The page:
I had no idea what to expect here in Spain. A first trip to Europe seemed both exciting and nerve wracking. But barely one week in and I feel like I have been here for months. The sweet people of Almería have welcomed us into their lives, and their families-- in the midst I have begun to be immersed in a culture so different and unique in this hidden little town.
1. Eating later and longer. We normally eat lunch around 3 and dinner around 10. What a shock this was to me at first, but now I love it. People here dont rush in the middle of the day to stuff some food down their throat, but rather make a point to come together with their friends and family to enjoy a meal together.
For dinner we have Tapas (small snacks or appetizers) again, together with the family.
2. EVERYONE stays up incredibly late, including the children. At first this terrified me because I absolutely love going to bed early (and I'm sure all my friends and family can attest to that). However, here it seems like everyone just takes life a little slower. They value community above busyness.
I'm reminded of how often I "busy" myself with nothing of real importance solely for the need to feel productive.
3. Beauty is more beautiful if you have to search for it a little. Now don't get me wrong, this place I am living is breathtakingly beautiful--somehow one city combines beaches, European architecture, mountains, and desert.
But if I was here alone, with out a precious host family or sweet friends new and old-- it would seem far from beautiful. I'm finding that sometimes beauty is deeper than we can see. Sometimes its late night talks inside on the couch even while there is a world of adventure outside. Because sometimes beauty is found in the little moments rather than the grand adventures.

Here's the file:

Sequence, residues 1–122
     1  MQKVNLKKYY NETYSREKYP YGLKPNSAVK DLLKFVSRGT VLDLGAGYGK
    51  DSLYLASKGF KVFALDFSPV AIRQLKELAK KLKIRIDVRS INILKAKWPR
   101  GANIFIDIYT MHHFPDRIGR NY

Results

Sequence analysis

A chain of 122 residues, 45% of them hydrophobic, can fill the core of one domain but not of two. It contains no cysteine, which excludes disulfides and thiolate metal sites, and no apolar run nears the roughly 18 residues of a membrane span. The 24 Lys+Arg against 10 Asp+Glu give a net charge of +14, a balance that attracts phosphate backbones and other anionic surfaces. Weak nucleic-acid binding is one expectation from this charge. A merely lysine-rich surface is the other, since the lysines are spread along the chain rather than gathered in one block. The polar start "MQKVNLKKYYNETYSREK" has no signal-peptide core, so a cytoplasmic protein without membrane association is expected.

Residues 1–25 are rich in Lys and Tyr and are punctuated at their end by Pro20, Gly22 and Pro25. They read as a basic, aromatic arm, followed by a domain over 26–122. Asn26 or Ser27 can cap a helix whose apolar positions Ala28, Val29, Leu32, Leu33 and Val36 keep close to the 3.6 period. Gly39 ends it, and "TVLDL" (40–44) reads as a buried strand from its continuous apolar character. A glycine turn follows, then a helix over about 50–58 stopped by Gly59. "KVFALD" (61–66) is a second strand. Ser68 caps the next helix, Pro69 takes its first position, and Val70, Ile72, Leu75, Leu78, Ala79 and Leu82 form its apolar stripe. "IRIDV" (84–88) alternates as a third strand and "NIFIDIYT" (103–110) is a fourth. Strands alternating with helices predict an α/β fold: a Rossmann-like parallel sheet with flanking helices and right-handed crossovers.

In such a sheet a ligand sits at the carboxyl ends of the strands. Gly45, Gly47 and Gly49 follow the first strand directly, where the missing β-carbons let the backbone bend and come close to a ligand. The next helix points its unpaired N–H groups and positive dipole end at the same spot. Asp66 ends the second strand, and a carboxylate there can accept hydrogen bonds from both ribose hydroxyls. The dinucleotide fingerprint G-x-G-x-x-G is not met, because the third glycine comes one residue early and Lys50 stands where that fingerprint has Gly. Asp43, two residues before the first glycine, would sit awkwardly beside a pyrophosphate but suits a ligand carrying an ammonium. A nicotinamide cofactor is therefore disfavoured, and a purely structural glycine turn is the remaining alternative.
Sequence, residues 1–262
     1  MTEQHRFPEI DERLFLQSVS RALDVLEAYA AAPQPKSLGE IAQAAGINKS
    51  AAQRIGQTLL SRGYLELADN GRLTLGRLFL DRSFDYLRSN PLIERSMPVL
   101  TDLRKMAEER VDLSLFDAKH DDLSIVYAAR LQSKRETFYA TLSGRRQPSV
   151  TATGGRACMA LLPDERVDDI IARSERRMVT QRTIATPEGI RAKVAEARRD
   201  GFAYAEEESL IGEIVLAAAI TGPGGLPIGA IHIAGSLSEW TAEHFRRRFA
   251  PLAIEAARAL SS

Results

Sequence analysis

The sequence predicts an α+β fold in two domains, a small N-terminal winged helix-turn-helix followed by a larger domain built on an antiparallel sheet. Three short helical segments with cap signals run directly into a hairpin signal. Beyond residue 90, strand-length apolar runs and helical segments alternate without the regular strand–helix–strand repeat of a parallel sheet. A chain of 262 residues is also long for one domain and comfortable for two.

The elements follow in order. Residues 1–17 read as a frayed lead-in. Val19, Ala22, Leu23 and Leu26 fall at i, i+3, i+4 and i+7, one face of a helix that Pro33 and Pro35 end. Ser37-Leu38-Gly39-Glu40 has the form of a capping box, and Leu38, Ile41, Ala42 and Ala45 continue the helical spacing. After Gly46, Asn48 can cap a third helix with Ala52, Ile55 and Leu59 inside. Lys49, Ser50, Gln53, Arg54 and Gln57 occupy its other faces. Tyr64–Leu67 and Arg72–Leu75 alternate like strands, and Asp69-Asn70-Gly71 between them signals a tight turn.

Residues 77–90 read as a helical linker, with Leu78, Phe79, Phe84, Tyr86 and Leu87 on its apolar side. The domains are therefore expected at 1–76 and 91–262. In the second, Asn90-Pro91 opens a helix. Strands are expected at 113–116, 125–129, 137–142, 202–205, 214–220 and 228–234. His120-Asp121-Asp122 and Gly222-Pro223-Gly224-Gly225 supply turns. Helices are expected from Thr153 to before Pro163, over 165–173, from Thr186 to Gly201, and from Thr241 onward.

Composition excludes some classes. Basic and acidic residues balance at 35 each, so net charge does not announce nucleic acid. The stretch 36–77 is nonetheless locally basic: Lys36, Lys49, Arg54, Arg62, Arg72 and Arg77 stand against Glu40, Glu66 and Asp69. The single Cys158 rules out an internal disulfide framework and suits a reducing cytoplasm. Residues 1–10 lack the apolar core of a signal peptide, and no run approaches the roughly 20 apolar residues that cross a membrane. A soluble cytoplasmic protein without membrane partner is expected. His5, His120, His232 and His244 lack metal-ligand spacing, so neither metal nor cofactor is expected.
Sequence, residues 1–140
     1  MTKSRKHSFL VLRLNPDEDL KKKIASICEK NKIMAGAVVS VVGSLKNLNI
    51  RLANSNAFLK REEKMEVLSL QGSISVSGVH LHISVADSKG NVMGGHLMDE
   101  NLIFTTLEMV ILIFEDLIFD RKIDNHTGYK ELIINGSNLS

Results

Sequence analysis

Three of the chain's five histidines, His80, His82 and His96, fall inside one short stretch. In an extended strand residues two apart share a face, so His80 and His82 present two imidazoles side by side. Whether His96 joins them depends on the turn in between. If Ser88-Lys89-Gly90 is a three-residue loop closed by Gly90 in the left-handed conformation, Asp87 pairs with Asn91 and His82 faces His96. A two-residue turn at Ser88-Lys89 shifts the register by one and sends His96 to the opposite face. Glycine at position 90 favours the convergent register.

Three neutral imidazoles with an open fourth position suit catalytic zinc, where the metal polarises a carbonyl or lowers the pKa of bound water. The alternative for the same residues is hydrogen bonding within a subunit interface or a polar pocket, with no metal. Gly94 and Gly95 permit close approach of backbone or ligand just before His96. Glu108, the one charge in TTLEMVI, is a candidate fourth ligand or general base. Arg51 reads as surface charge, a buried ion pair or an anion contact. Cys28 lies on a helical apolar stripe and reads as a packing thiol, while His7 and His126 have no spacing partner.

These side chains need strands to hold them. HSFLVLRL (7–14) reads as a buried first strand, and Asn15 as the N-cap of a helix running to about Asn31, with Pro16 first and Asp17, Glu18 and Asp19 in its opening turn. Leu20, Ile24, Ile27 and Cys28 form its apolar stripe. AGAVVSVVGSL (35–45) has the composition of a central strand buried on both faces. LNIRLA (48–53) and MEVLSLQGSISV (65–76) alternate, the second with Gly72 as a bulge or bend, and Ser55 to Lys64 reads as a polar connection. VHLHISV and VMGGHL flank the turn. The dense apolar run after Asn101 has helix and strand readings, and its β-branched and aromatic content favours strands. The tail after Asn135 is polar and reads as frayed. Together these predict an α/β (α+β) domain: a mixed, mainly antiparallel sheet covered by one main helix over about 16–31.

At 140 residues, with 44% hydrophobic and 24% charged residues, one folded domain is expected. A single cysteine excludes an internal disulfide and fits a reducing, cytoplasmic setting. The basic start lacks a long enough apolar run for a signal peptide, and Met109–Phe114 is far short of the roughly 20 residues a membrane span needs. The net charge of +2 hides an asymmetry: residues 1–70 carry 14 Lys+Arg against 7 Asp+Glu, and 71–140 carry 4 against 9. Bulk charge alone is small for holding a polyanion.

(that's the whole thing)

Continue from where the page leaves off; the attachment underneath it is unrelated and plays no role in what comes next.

4. Long bus rides remind me that I am not in control of the world. I'm not even in control of my own little world. This is both incredibly frustrating and refreshingly beautiful.
As I rush around at home passing through traffic and speeding down the highway, my mind doesn't get a moment to rest, to think and to process-- to ask the Lord what he may want from me in that moment.
I want to learn to slow down and listen, to trust Jesus in the little moments. And if the first step is lots of 30 minute bus rides, then that is where I'll start.
5. Siesta is a beautiful thing. Some how resting (get ready, this one is very profound) gives us more energy, leaves us less frustratrated, and slower to burnout.
Everyday after lunch (at about 3pm) everyone heads to their bedrooms to rest-- sometimes a short nap or just some alone time to think.
I rarely take naps at home and if I'm honest its usually because I am too keyed up to fall asleep. But here it is amazing how refreshed I feel for the rest of my day. Maybe I won't always have the luxury of siesta, but I have to believe there is something beneficial and beautiful about taking time to rest and reflect in the midst of the busyness.
When we enter a time of resting and slowing down, it becomes very difficult for our hearts and minds to bury our thoughts and struggles. As we look to find rest we are forced to process the changes, to mourn the hard things, and to give thanks for the blessings. It's not always easy to live in this mindfulness, but I believe there is such a purpose. As I read throughout Psalms I begin to see that rest in a recurring theme that I usually skip past, ironically enough, because I'm rushed.
"On your bed, reflect in your heart and be still." Psalm 4:4
"I will lie down and sleep in peace because you, Oh Lord, make me rest in safety" Psalm 4:8
"I will wake again because the Lord sustains me," Psalm 3:5
Maybe this is something I have missed in my fast paced life-- maybe its something we have all missed in our culture of "now." .